Northern Michigan’s “Blessing of the Blossom” began in 1910 as a humble springtime fete honoring the success of our local agriculture. Since then, Traverse City’s beloved festival has become known as the National Cherry Festival, an official behemoth for deep fried dough, beer tents, sparkling carnival rides, and even some local history and cherry lore.
Festival-goers can attend an entire week of events including live music, air shows, parades, and free activities for children, along with two evenings of grand fireworks displays over West Bay. Here are the stats and numbers that make up our city's most well-attended annual celebration.
The year that the informal “Blessing of The Blossoms Festival” became the legit, “National Cherry Festival” that we know and love today.
In pounds, the weight, of the 17+ foot cherry pie baked on July 25th, 1987 by The Chef Pierre Bakeries in Traverse City, Michigan. Curious visitors can check out the gigantic tin that once held the oozing, bubbly, record-making mess of sugared cherries and buttery crust along a skinny curve of road just above Boardman Lake on Cass Road.
Much to the chagrin of most locals, the longest National Cherry Festival held to date was 10 days long in 2014. It’s typically seven or eight days long.
The big bucks made during said longest National Cherry Festival ever.
The number of schools in the region that participate in the Prince & Princess Program in which a pair of students from each elementary school are chosen to participate in daily activities during the week of Cherry Fest. Also, their parents are chosen to donate their blood, sweat, tears and income to build extravagant floats to be displayed during the parades.
Collectively, the minimum amount of hours volunteers put into hosting events, cleaning up during and after them, directing visitors and creating an overall atmosphere of fun and celebration.
The number of sensory organs (that would be all of them) affected by motion sickness on rides like The Zipper and The Scrambler found in the center of the festival.
The average temp in Traverse City, Michigan during the first week of July when the National Cherry Festival begins.
The number of months the reigning Cherry Queen is obligated to a host of events, social responsibilities and personal expectations including, but not limited to the absence of tattoos, no dramatic hairstyle changes and a promise to not cohabitate with a partner before or during her reign.
The length, in feet, that Siren, a Dutch Shepherd Dog nearly reached during the Ultimate Air Dogs dock jumping event (Siren's official stat was 24 feet, 10 inches) during the 2015 festival.
The minimum number of festival-goers who soak up the sun, chow down on cherries and dangerously dart in front of traffic to get to the Open Space without any warning every single year without fail.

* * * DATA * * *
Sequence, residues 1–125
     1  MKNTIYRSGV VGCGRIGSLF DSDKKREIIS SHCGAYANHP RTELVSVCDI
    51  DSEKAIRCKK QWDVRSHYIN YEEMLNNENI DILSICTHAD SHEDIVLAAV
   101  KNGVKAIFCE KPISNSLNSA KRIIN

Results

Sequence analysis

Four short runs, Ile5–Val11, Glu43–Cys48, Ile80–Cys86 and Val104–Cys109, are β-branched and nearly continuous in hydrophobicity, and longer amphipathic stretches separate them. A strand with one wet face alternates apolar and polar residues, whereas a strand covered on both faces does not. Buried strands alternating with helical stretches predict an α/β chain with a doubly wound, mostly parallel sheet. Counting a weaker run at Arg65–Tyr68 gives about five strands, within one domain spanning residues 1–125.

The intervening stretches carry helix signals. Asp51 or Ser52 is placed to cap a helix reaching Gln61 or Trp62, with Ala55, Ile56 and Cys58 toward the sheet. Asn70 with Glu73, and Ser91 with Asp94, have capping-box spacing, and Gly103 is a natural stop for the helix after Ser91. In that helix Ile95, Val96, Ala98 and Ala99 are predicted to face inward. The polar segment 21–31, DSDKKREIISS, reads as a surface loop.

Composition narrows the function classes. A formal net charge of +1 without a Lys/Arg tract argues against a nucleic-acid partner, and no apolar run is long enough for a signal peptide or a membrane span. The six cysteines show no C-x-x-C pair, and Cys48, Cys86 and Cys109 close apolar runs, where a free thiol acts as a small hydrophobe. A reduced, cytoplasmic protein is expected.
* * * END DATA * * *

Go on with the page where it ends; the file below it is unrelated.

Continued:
The available number of public parking garages in downtown Traverse City. Paltry, considering the aforementioned half-million-minimum visitors commuting in and out of the city limits during Cherry Fest week.
The number NOT to call to complain about fireworks, litter, jets, concert music, tourists, or homeless people unless said disturbances are threatening your life - not your comfort.
In pounds, the weight of loose garbage collected from the beaches of West Bay following the 2014 National Cherry Festival. The trash consisted mostly of cigarette butts, food wrappers, and fireworks debris. Since then, efforts have been made to do a better job of placing enough waste receptacles in convenient locations around the city.
The minutes it takes for bare skin to burn outside. Slather on a broad-spectrum sunscreen before taking off for hours of UV-filled festivities and toss the bottle in your bag for reapplication throughout the day.
The dollar amount for an entire Old Mission Cherry Pie from Grand Traverse Pie Company - decadent, juicy and worth every penny.
How many different cherry varieties exist around the globe. Montmorency, the type most commonly grown in northern Michigan is a tart cherry.
The number of tart cherry trees growing in Michigan, the majority of which blossom in orchards all over Northern Michigan counties including Grand Traverse and Leelanau. These little blood-red fruits are picked ripe in early-to-mid July (depending on the previous season's frost history) then sent off to be processed for jellies, jams, juice, and pies!
How many minutes it takes to fry up a crispy bucket of can’t-leave-without-trying-them Gibby’s Fries. Locals know that the taters beg to be doused in apple cider vinegar and ketchup or gooey cheese, the kind you get straight from a pump, then washed down with a fresh-squeezed lemonade, no matter the price.
The average amount of people in line ahead of you for a bucket of those delicious fries.
The days in which the National Cherry Festival isn't taking place. So go out and get your cherry party on!